‘To be honest, I do not know the role of the SBST, so what is the use? It is just important to teach and focus on all learners and not just one learner.’ (Participant 14, female, grade 8 and 9 teacher)

‘In my grade, we focus on the syllabus. I do my work. If one learner struggles, I just teach and focus on the rest of the class. In my heart, I know that what I am doing is not OK. I don’t think anyone can help me.’ (Participant 7, female, grade 7 teacher)

Collaboration amongst stakeholders within the education system has long been regarded as essential, but as Lerner and Kline (2006) assert, to be successful it must be based on certain principles, such as establishing a common goal and ensuring that it is voluntary and carried out by people who take responsibility for their actions. There should also be recognition of equality amongst partners and a sharing of accountability for the outcomes as well as the resources. Teachers need to be supported by both the general teacher and the special educator. These principles are also embedded in the policy guidelines for the establishment of SBSTs (DoE 2005).

Analysis from support forms

It emerged that teachers could name few SpLDs, such as reading and writing difficulties. However, they did not elaborate on reading errors like omissions, substitutions and additions of words. Teachers considered calling parents and giving extra work as learning support interventions. Information about interventions such as curriculum differentiation, scaffolding, using individualised learning support programmes and using learner profiles to establish existing difficulties and support provided in previous grades was not captured. Additionally, the records indicated that parents were called but did not come to schools, without elaborating how were the parents called and how were such actions considered as support strategies. Support forms reflected that there were no strategies that worked. Furthermore, although the support forms required parents’ signatures, such signatures were missing in most support forms. In some cases, participants indicated that parents did not respond when they were invited even though the South African Schools Act (1996) and the EWP6 (DoE 2001) indicate that parental involvement is an important aspect of learning. The dates on the forms also suggested that teachers completed support forms when they were about to submit to the district or when placement for specific learners was requested by parents.

Monthly reports completed by Learning Support Educators reflected that they used specific terminology such as numeracy, literacy, SpLDs like possible dyslexia, a serious language barrier or significant language difficulties, spelling backlog, as well as emotional, socio-economic, systemic, individual and pedagogical factors as their evidence of providing learning support. The records also showed that they could elaborate on such terminology and how they collaborated with other stakeholders like parents, the district officials and social workers.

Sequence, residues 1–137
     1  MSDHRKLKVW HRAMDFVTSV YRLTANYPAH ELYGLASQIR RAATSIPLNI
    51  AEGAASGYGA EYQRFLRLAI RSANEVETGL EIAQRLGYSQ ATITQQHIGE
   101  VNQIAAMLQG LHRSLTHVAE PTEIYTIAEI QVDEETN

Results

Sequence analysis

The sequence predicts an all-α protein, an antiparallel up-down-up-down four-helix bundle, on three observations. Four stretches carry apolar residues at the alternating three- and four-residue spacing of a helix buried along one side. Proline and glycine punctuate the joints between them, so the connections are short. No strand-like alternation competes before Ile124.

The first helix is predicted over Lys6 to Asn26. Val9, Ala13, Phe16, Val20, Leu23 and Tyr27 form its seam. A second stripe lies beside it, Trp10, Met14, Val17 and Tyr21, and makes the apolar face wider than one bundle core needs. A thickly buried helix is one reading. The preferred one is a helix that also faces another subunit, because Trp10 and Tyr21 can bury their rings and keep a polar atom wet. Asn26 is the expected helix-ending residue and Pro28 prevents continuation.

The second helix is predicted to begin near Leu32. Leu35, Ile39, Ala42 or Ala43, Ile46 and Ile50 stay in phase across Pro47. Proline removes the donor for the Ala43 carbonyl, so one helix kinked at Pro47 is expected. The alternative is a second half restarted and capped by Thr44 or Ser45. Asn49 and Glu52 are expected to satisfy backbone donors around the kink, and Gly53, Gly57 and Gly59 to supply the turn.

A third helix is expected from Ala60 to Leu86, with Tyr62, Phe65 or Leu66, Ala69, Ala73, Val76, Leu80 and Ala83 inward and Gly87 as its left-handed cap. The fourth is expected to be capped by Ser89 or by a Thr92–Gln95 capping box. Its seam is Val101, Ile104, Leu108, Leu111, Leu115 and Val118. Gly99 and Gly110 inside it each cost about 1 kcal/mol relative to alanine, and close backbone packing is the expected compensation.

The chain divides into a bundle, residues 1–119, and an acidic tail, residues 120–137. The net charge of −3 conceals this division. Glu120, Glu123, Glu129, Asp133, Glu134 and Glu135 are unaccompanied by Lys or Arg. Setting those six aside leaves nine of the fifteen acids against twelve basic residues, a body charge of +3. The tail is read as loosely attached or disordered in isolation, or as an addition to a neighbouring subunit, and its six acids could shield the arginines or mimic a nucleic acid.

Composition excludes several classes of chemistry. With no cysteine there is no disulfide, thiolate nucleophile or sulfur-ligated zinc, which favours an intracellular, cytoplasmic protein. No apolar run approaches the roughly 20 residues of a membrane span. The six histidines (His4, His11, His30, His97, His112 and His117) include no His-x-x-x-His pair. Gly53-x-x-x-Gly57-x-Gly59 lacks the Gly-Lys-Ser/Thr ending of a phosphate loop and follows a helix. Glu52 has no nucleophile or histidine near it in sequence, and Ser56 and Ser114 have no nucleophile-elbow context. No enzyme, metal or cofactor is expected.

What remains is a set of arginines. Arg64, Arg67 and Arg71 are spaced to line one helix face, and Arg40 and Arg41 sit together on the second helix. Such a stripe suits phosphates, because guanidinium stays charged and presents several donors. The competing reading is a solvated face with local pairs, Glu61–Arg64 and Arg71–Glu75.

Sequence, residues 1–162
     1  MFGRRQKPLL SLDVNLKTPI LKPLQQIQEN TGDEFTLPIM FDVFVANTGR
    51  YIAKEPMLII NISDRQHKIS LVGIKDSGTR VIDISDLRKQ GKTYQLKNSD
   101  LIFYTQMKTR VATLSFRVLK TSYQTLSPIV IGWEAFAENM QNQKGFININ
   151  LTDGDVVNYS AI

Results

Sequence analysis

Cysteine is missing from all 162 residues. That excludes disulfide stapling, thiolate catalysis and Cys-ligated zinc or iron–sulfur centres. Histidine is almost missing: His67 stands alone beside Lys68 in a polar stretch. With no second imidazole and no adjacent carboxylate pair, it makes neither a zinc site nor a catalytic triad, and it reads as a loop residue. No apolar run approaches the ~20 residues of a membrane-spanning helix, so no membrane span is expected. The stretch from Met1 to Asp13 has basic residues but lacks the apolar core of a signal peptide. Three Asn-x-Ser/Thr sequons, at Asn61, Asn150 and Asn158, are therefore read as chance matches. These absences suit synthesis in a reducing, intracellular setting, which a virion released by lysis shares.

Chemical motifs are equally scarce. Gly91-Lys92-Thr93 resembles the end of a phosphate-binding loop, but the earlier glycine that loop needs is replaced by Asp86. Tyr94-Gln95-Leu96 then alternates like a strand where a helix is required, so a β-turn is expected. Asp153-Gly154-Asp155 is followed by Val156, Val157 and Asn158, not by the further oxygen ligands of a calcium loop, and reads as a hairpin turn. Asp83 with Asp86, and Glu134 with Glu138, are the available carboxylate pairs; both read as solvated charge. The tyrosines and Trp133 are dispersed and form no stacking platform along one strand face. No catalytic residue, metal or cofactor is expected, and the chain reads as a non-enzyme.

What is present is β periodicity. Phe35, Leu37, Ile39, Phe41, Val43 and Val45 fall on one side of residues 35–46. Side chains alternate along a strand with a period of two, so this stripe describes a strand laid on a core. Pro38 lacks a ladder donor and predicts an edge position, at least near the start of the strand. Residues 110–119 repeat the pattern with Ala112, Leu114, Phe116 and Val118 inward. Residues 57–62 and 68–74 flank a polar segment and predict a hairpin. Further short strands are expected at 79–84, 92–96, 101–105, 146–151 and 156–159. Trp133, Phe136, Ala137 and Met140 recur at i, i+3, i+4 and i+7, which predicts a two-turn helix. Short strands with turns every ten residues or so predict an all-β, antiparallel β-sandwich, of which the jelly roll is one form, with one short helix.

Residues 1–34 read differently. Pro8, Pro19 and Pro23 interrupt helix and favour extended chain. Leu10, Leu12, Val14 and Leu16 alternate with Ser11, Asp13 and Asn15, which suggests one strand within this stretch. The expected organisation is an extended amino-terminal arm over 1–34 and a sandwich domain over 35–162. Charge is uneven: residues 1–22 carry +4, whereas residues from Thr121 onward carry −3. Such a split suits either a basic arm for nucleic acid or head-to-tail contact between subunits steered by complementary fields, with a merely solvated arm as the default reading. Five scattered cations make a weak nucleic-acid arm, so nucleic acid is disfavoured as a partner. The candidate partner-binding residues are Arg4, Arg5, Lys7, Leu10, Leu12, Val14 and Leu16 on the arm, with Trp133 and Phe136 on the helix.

Field notes

As a researcher, the author observed participants expressing their thoughts openly about how they provided learning support. Their thoughts assisted in extracting the competencies they had.

Conclusion, implications and recommendations

This study has found that teachers have different competencies when it comes to providing learning support. Teachers are at the centre of facilitating learning support processes; hence, their competencies can enhance or hinder learning support. The problem is that most teachers have not been formally trained in inclusive education and specifically not in supporting learners presenting with SpLDs. This places pressure on the DBE to offer intensive training in inclusive education during the continuous professional development programmes for teachers. One other approach would be to collaborate with institutions of higher learning in support of teachers and to encourage teachers to register for short learning programmes in inclusive education and other learner support-related programmes.

The DBE should also strengthen structures such as the SBSTs, so that every teacher will be familiar with the learning support processes. Specifically, the DBE should monitor and support these processes. One such example would be to ensure that those who coordinate these structures are appointed permanently and not voluntarily. This would improve accountability and ensure that learners will be supported. Additionally, structures and systematic collaboration with stakeholders such as social workers, health practitioners and educational psychologists should be used to facilitate learning support.


The author would like to thank the supervisor, Dr Dunbar-Krige, for supervising the study.

Competing interests

The author declares that there are no financial or personal relationships that may have inappropriately influenced writing of this article. The author further declares that there is no conflict of interest with regard to the publication of this manuscript.

Author’s contributions

M.F.M. is the sole author and contributed to the design and implementation of the research, to the analysis of the results and to the writing of the manuscript.

Funding information

This research was funded by master’s and doctoral support programme at the University of South Africa.

Data availability

Data sharing is not applicable to this article as no new data were created or analysed in this study.


The views and opinions expressed in this article are those of the author and do not necessarily reflect the official policy or position of any affiliated agency of the author.